His disclosure of the disease in 1985 shocked the nation. It was only after his death—a few months after he announced his diagnosis—that the world learned how tightly Hudson guarded his homosexuality. However, his public disclosure of the diagnosis helped in HIV/AIDS education and funding.
Earvin ‘Magic’ Johnson
Earvin ‘Magic’ Johnson won five NBA championships for the LA Lakers during the 1980s, winning three MVP awards along the way. He retired in 1991 after discovering he had HIV, but came out of retirement twice before finally retiring for good after the 1996 season.
His diagnosis helped educated the public that HIV/AIDS wasn’t only a sexually transmitted disease affecting the gay community. After basketball, Johnson became an advocate for HIV/AIDS prevention and safe sex through the Magic Johnson Foundation.
One of the most replayed images of the 1988 Summer Olympics was that of diver Greg Louganis striking his head on the springboard. Despite the resulting concussion, he went on to win two gold medals and ABC television’s “Athlete of the Year.”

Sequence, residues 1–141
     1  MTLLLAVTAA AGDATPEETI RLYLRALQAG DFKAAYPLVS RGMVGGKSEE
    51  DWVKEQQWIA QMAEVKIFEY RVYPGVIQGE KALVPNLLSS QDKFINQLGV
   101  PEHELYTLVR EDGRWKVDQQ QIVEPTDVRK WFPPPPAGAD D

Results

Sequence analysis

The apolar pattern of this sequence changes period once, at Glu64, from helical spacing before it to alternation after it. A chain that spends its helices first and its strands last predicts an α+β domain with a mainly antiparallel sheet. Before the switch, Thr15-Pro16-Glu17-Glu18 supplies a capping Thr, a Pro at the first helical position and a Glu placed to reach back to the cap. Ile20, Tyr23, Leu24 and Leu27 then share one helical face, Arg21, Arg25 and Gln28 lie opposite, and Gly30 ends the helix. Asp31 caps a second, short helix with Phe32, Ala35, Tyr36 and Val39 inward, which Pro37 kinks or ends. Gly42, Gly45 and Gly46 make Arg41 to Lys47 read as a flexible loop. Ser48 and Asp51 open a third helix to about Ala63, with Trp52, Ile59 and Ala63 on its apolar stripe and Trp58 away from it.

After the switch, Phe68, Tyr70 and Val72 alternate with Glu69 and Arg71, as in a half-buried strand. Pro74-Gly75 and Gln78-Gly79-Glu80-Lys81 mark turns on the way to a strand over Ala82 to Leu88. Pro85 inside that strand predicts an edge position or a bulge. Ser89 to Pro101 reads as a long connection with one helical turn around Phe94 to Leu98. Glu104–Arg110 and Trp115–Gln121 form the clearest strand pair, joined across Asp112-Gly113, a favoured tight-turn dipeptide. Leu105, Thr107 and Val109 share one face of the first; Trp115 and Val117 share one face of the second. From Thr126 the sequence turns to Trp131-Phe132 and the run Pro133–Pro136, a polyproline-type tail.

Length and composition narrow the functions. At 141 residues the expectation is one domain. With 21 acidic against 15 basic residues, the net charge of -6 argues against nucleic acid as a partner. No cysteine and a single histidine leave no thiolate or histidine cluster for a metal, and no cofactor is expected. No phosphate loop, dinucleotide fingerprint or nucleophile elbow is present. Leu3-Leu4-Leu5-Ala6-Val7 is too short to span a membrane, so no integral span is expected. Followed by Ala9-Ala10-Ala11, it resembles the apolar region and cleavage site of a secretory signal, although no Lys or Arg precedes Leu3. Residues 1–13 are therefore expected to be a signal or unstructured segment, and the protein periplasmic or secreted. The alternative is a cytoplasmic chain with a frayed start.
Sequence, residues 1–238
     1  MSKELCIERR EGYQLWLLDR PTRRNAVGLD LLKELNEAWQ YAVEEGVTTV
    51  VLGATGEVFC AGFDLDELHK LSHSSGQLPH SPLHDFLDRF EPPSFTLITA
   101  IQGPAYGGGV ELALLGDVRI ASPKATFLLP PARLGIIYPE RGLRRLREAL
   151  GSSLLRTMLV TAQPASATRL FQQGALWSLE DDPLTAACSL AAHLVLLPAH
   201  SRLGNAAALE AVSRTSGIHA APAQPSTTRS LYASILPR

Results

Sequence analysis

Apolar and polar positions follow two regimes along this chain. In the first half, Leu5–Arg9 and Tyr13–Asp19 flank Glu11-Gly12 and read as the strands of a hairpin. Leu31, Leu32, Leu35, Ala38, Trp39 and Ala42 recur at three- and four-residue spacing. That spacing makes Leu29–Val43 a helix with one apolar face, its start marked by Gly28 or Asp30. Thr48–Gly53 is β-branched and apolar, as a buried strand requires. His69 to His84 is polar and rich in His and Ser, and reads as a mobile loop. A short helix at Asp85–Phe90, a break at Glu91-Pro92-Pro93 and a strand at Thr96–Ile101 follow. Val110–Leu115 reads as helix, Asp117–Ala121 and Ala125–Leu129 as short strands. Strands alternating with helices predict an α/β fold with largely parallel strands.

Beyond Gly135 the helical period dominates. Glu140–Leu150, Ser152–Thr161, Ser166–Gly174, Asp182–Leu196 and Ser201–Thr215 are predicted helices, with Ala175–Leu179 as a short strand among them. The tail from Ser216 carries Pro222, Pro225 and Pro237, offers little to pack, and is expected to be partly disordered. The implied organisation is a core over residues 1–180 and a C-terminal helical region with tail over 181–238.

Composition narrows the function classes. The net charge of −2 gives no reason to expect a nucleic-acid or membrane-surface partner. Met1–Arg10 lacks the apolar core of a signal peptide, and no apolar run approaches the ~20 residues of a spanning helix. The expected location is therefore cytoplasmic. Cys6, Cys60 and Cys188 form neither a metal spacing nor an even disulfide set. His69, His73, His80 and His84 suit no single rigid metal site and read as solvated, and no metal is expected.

That same year, Louganis tested positive for HIV. He documented his experience in the best-selling book Breaking the Surface. He is currently a coach and mentor with USA Diving.
Freddie Mercury’s vocals powered some of Queen’s strongest rock hits in the 1970s. His four-octave range and songwriting skills make him a staple in most lists of top-100 rock musicians of all time, and his music continues to be popular four decades after it was recorded.
While diagnosed with AIDS in 1987, Mercury kept the diagnosis as secret as possible, despite constant media reports. In November 1991, he publically announced his fight against AIDS. Two days later, he died of AIDS-related pneumonia.